Bungalow or Cabana
Some houses may have a separate bungalow or cabana that can be easily transformed into a Home Yoga Studio.
Same maintenance and access requirements apply here as above.
Cellars, basements or any kind of underground rooms can also be a good option to establish Home Yoga Studio if the decoration, lighting and ventilation are correctly set and maintained.
Make sure the access to this room is easy, clean and tidy. You can also stick non-slippery surfaces on the staircase to improve safety.
Also, any underground room can be susceptible to noises and bangs from the upper floor, so make sure children, pets or vehicles don’t go running or playing around above during Yoga classes.
Garages are often spacious and have easy access from the street, however you should be careful to set it up correctly as your Home Yoga Studio, especially the following:
- Cement floor with oil stains: be sure to clean it up thoroughly and cover with carpets, mats or floorboards (though they can be expensive) or any soft surface – the best option may be soft rubber tiles that look like wood. I describe this in this chapter ‘Strategically Planning the Area for your Home Yoga Studio’
- Free from boxes, tools or any other storage equipment.
- The garage door should be closed for privacy, so ideally use a second door for access.
- Windows or sun domes can provide light, ventilation and a sense of more open space, but it’s still okay if your garage doesn’t have them, just keep them ventilated before and after classes.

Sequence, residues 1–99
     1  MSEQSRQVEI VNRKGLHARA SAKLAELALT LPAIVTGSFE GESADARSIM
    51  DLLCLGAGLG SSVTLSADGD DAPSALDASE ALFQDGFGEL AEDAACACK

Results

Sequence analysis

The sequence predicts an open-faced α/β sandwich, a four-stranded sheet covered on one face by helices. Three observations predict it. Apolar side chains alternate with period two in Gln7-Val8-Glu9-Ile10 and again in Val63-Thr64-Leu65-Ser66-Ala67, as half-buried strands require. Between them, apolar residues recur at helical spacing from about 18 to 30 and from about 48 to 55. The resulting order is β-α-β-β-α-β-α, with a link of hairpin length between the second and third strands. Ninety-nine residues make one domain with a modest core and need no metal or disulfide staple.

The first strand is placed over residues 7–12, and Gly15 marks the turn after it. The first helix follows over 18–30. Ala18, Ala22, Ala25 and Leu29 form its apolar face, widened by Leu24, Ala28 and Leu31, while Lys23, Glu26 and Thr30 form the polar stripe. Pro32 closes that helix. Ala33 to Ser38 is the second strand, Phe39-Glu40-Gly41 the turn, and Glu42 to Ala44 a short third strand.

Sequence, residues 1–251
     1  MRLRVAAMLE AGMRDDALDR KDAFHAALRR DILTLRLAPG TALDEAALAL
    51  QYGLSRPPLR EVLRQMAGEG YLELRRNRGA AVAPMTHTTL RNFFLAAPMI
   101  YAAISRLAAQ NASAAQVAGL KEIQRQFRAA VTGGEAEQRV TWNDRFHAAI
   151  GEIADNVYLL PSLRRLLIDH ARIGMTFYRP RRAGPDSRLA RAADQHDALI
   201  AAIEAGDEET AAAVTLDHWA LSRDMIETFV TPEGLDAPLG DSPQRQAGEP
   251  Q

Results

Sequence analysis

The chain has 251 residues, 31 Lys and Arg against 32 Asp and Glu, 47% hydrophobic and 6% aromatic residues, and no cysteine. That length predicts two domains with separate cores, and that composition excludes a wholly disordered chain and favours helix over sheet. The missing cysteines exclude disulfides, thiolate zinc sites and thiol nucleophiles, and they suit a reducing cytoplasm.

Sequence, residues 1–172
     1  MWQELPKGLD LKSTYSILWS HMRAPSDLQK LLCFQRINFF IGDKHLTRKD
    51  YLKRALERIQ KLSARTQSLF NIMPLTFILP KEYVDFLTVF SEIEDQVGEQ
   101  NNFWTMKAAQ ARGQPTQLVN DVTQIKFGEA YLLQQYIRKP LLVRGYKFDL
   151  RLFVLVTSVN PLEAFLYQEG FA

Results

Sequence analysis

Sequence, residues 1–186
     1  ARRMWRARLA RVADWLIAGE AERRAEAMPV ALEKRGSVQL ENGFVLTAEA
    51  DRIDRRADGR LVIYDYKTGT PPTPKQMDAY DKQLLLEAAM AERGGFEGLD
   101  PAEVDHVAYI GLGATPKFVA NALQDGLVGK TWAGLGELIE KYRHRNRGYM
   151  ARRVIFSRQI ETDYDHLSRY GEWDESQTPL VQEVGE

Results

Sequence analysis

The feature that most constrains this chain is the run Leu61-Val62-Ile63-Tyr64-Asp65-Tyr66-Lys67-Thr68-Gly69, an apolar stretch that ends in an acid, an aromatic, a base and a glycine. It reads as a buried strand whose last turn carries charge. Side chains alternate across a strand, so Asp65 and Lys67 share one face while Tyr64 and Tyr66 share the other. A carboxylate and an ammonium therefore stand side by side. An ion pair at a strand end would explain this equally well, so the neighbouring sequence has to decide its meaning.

- Remember to adequate the temperature as garages can be extremely hot or cold as they seldom have any insulation from the weather outside.
Terrace, Rooftop or Deck
If you live in a city or town with confortable weather temperature throughout the year, a spacious terrace, rooftop or deck can work wonders. Just remember to add a tarp or some kind of garden roof in case of rain or strong sunlight.
Patio or courtyard
Again, these can be great for warm weather throughout the year, especially with good decoration such as a Zen garden or a bamboo setting nearby to contrast the common cement flooring and walls, just be mindful of a roof, a soft surface and safe, easy access. Carpets, mats or soft surfaces are very important to keep your students comfortable.
Neighbour’s unused space
This could be an interesting alternative space to consider, given the chance. If you have a good and trustworthy relationship with one of your neighbours who has a great alternative space for your Home Yoga Studio, you can negotiate borrowing or renting it very cheap. Just make sure your neighbour will not move houses in the long term, and that they will let you decorate and equip the space to your own requirements (and at your expense, of course). Access to toilets inside your neighbour’s house could be an issue but anything is possible if you communicate in detail to your neighbour everything you need to open a Home Yoga Studio and how would you operate it.
Building your Home Yoga Studio as an extension to your house can be costly of course, however it can also be quite convenient as a double investment. In the short term, this extra room hosting your Yoga studio can generate revenue pretty much as soon as the space is finished. And in the long term, an extension usually adds more value to your house as a real estate property.
Before deciding on doing an extension, you’d have to run the numbers of the extension project as a cost/benefit analysis. Also you should talk to an extension builder or developer about costs, minimum requirements and any permits, restrictions and requirements from your local government authority. I explain more in this chapter ‘Permits & dealing with local authorities’